Pension Credit warning: One million pensioners miss out on claiming £1,700 boost per year
Pension credit: Rees-Mogg urges Brits to check eligibility
Pension Credit is a payment offered to people who have reached state pension age, and can potentially sit alongside their normal state pension entitlement. The payment is particularly useful for those who need additional financial support in their later years of life. Rolled out by the Department for Work and Pensions (DWP) it is likely millions are eligible to be in receipt of the payment.
However, it is perhaps the payment with the worst take up of all in terms of those offered by the government.
Figures from the DWP have revealed a wide-scale problem with claiming Pension Credit.
Estimated take-up levels from the 2018/19 tax year showed up to one million eligible families are not claiming the sum to which they are entitled.
This could cost £1,700 a year, and amount to a staggering £1.8billion of unclaimed money.
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Last year, Independent Age, the older people’s charity, called upon those of state pension age to investigate if they are eligible.
The organisation stated there were a number of reasons as to why people have not taken up the sum.
These include lack of awareness of Pension Credit itself, lack of awareness of entitlement, and the stigma associated with receiving a benefit.
But Pension Credit can be particularly useful for many older people, as aside from the financial support it offers, it can unlock other entitlements.
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These include NHS dental treatments, free sight tests, and Cold Weather Payments each winter.
Recently, the BBC also took the decision to scrap the free TV Licence for over 75s, except for those who are in receipt of Pension Credit.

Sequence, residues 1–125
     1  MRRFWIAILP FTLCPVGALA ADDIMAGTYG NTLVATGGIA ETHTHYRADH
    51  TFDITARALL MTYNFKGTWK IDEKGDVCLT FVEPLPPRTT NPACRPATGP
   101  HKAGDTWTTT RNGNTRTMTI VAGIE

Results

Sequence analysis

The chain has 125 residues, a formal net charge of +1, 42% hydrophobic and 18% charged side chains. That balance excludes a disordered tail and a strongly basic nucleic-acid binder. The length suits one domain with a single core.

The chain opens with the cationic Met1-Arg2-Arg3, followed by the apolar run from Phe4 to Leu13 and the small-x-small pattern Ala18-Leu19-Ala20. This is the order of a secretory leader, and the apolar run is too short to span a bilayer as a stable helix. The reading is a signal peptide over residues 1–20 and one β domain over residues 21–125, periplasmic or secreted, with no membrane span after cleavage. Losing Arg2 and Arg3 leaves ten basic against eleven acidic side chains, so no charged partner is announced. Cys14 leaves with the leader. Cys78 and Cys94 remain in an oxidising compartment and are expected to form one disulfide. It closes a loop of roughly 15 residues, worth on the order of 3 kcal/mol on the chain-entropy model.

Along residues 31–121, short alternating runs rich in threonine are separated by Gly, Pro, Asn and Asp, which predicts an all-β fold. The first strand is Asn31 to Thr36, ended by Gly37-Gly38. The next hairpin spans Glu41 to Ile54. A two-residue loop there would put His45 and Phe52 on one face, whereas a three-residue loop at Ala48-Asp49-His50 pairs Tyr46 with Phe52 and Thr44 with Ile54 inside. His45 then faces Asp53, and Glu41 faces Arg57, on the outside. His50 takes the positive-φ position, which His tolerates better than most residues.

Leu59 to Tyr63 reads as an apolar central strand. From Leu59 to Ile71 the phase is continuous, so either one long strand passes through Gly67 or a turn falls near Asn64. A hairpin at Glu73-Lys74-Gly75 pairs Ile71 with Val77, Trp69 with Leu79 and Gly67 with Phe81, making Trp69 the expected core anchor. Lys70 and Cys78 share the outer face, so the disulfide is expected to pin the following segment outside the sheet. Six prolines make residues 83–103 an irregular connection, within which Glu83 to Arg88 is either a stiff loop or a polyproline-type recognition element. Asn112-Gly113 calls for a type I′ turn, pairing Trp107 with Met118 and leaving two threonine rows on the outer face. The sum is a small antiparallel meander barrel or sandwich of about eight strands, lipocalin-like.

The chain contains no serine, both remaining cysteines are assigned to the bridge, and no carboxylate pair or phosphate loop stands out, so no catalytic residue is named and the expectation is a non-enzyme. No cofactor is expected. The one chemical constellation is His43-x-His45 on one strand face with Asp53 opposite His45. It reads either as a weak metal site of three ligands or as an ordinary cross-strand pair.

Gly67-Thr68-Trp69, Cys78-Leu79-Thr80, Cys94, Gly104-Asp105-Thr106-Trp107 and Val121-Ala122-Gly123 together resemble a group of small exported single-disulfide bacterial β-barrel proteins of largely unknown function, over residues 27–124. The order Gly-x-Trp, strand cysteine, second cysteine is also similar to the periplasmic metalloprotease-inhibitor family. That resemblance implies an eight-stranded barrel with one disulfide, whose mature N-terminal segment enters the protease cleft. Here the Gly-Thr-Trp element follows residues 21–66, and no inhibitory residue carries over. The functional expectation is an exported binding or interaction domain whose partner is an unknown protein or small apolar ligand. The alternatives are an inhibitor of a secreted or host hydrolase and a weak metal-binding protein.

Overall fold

Therefore a claim is likely to be the only way left for pensioners to be able to watch live television without cost.
But for those who think they may be entitled Pension Credit, it is important to check eligibility.
The government has stated people must be resident in England, Scotland or Wales and have reached state pension age in order to qualify.
People who are in a couple can start receiving Pension Credit if either:
- they and their partner have both reached state pension age
- one person in the couple is receiving Housing Benefit for those who are over state pension age
The government classifies a “partner” as a husband, wife or civil partner who someone lives with, or a person someone lives with as if they were married.
Pension Credit is, overall, an income-related benefit, but is split into two separate parts.
These components are Guarantee Credit and Savings Credit, differing in what they offer to eligible pensioners.
Guarantee Credit is designed to top up a person’s weekly income if it is below £265.20 for couples, or £173.75 for single people.
Savings Credit, however, is available to those who saved money towards their retirement, for example, in the form of a pension.
However, it is worth noting individuals may not be eligible to receive Savings Credit if they reached state pension age on or after April 6, 2016.
For single people, Savings Credit can be up to £13.97 per week, and up to £15.62 weekly for couples.
But a benefit of the payment is that it is tax-free, meaning pensioners will not have to worry about their sum being reduced.
Those who wish to work out what they might receive under Pension Credit are encouraged to use the dedicated calculator on the government website to do so.
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